Its a consistent theme here: the missing middle. You see it most starkly in the striking contrast between rich and poor, and the lack of a very little in between. The wealth disparity and missing middle class are reflected in so many experiences here: very low end places to eat or shop, or very expensive alternatives instead. Not so much in the middle. You can buy jumbo-sized or mini-sized versions of just about anything depending on the size of your wallet. Robert dubbed the local 7-11 as “the miniature store” as the only sell mini everything… Occasionally, like here, you see the jumbo and mini side by side and, at least to me, its symbolic of The Philippines itself.
It takes a little while to get used to the service experience here. It starts with the different use of English. I’m not talking about the distinctive accent or pronunciation, although that certainly adds to things. Its the mixture of missionary English, American English and unique Filipino phrases, that sometimes ask the ear to do a double take. Always polite, always sincere, the phrase comes at you, and the brain says “What?!”
“How is the Taste Regarding Your Food?” was a recent inquiry put to me from a waitress in Shakeys Restaurant. She was checking whether we were happy with our food. Its a much more formal way of asking “Everything ok?” And a much quirkier way of asking “Is everything to your satisfaction?” It sort of nailed it for me with the language barrier.
And there are other new experiences to handle when you first arrive and are purchasing something: anything, like a cup of coffee or household supplies. I can’t remember exactly where we first did it, but our initial experience at the department store in Metro Market is the one that I remember best: You’re standing at the cashier island, with one person in front of you. There are two employees and two cash registers. The first employee is involved in ringing up the first sale. So you stand near the empty register and hand your item to the second employee — the one not doing anything — and hand her your item expectantly. She very politely signals that the other employee will handle your transaction and steps back. (It took me two tries at this on two separate occasions to figure out that the second person’s job was as bagger. Baggers don’t use the register. Cashiers don’t bag. Get used to it.) Its your turn and both ladies do their jobs and you hand over the money, then she says it: I receive one thousand pesos, mam. Or I receive the exact exchange, mam. She’s signalling the denomination for the cash received and it has to — always — be stated out loud. I don’t bat an eye anymore when it happens but it takes at least a dozen transactions to get used to. Orders are the same way in the restaurant:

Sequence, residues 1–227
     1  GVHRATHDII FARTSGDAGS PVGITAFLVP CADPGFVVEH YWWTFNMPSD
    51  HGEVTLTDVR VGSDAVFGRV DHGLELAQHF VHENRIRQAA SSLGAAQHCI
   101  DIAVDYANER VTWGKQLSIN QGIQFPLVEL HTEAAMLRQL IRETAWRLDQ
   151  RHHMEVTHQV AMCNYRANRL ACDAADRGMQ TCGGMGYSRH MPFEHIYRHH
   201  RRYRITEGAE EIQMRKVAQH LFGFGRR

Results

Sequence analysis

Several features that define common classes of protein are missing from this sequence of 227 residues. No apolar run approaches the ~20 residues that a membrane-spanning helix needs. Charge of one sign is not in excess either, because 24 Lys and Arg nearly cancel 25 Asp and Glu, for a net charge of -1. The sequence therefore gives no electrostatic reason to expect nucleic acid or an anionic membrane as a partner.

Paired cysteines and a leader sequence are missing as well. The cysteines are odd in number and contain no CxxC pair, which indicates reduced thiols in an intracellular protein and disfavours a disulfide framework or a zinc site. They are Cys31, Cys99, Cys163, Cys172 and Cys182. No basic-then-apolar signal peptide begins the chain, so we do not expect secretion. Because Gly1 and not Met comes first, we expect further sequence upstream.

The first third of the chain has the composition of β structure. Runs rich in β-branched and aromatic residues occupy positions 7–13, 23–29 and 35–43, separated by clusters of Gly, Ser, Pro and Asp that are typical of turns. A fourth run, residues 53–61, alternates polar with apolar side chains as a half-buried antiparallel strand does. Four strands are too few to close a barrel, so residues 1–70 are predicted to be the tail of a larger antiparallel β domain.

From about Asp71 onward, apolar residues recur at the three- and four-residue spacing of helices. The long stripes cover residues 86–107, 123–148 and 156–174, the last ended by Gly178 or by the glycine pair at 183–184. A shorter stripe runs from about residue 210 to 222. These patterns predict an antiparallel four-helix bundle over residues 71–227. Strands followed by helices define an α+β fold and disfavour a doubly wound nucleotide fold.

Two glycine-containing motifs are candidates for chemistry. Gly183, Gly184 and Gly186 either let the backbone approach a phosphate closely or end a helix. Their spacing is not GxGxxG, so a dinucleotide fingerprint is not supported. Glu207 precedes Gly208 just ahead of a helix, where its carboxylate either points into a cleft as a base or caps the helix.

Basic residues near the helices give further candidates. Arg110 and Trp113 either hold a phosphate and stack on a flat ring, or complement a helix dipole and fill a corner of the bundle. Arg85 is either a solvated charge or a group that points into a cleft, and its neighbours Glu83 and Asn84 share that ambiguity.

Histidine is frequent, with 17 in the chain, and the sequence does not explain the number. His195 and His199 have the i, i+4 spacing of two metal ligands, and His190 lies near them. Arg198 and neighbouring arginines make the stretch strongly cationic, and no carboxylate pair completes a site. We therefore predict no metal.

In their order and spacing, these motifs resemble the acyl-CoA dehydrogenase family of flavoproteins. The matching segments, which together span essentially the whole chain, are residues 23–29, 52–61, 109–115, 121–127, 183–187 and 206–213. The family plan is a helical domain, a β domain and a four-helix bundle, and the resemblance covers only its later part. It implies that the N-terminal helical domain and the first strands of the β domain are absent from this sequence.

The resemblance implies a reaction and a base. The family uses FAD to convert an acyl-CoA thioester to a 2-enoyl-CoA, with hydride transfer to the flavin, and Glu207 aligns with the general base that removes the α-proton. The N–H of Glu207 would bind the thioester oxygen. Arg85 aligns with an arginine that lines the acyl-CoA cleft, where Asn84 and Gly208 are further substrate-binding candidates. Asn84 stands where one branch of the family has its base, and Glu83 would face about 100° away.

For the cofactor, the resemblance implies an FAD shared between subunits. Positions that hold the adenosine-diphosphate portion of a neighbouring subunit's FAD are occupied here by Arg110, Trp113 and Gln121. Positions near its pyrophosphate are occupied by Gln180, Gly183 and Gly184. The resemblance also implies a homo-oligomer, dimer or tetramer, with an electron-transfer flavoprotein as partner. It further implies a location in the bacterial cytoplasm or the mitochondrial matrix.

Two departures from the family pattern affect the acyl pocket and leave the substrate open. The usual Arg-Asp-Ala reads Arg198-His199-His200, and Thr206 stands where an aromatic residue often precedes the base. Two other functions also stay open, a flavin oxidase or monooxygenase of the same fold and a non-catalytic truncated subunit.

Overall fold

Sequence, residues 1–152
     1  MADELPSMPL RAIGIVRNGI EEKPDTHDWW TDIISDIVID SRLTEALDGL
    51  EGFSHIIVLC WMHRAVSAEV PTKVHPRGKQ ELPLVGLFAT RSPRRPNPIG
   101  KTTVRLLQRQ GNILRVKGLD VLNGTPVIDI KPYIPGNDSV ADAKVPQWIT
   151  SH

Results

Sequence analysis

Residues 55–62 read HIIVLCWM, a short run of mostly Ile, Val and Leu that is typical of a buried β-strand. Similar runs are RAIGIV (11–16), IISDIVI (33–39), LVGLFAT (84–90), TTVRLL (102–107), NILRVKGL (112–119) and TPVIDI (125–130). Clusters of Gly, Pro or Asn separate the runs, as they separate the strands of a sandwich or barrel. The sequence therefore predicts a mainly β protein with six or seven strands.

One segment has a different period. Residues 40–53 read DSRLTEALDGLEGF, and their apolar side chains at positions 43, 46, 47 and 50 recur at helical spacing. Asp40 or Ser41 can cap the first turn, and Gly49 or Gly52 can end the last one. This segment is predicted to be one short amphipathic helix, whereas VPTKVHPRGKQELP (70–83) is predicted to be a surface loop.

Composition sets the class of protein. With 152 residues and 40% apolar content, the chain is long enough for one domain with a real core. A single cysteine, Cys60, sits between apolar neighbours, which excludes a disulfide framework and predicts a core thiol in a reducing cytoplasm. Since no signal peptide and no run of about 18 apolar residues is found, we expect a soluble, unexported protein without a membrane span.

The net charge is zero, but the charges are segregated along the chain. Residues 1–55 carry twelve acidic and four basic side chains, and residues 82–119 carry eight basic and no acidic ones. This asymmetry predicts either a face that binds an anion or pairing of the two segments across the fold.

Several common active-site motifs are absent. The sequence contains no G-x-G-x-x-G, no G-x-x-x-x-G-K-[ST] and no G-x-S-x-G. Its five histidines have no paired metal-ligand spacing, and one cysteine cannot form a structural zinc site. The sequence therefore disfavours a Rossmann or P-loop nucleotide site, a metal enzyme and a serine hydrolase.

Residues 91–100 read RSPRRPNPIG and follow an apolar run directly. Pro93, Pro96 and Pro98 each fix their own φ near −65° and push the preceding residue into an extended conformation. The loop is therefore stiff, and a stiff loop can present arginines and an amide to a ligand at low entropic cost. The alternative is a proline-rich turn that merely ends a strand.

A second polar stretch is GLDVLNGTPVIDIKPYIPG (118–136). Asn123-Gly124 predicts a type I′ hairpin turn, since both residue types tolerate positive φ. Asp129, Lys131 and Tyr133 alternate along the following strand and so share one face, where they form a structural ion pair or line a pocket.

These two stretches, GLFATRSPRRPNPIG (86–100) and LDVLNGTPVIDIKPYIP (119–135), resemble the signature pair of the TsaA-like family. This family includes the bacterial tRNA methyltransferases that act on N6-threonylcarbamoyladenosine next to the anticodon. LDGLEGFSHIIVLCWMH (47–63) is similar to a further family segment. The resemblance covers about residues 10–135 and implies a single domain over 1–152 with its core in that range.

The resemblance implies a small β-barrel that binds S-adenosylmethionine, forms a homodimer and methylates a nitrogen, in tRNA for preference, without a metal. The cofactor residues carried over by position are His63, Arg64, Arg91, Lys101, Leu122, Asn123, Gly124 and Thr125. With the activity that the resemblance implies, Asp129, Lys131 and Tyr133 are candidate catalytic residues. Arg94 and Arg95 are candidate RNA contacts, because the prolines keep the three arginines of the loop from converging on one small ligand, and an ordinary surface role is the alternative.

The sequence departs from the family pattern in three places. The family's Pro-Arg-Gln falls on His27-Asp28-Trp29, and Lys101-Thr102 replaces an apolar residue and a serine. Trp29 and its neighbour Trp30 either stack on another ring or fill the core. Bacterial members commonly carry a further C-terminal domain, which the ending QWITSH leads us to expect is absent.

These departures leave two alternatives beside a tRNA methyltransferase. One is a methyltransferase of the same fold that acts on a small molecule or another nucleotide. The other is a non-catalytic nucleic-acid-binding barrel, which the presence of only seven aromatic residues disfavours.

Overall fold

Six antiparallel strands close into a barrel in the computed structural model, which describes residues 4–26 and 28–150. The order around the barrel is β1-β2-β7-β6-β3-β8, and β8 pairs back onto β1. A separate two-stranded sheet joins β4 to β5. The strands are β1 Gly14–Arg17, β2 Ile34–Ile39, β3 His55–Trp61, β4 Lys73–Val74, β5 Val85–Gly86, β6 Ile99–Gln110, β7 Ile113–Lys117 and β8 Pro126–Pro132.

Customer: Can I have a cup of black coffee please?
Waitress: Yes mam. I repeat your order. One cup of black coffee. Thank you.
If you’re not expecting it, it throws you, especially if your ear is not tuned to the accent yet. Your order will *always* be repeated back to you at every restaurant, every time. No matter how long or short your list.
Transactions here are very formalized and regimented. You see the rows of employees outside the store first thing or at shift change, the supervisor drilling them on something, probably the same thing they were drilled on yesterday. Cashiers are taught to ask customers if you have the company loyalty card at the beginning of a sale. But if the answer in no, that conversation is over. They don’t try and get you sign up for one (thank god!) but they can’t answer you on how to obtain one either. (No one trained them on that).
The whole transaction experience is a reflection of the values of where you are, where ever you are. It is frustrating when there are five people serving you, but none are able to help you, or no one can think outside of the box to solve your problem. But compared to other places where no one can be bothered to serve you, there is no one to serve you, or where you have to beg for a menu – here its a positive pleasure. Returning to the Philippines after Greece to smiling, courteous faces is a bit of a relief. Of course I’d like competency with courtesy and friendliness, but two out of three ain’t bad! Its also a striking contrast to have a minimum of two assistants in a world that’s heading increasingly towards self-check out. How’s the service where you are?
It Ball Season again here in Manila and the city has the traffic to prove it! We braved it last night and headed out to the 2012 Marine Ball all glammed up. Mega salon treatment, hair and make up’ed later, here are the results of Team Caroline’s valiant efforts.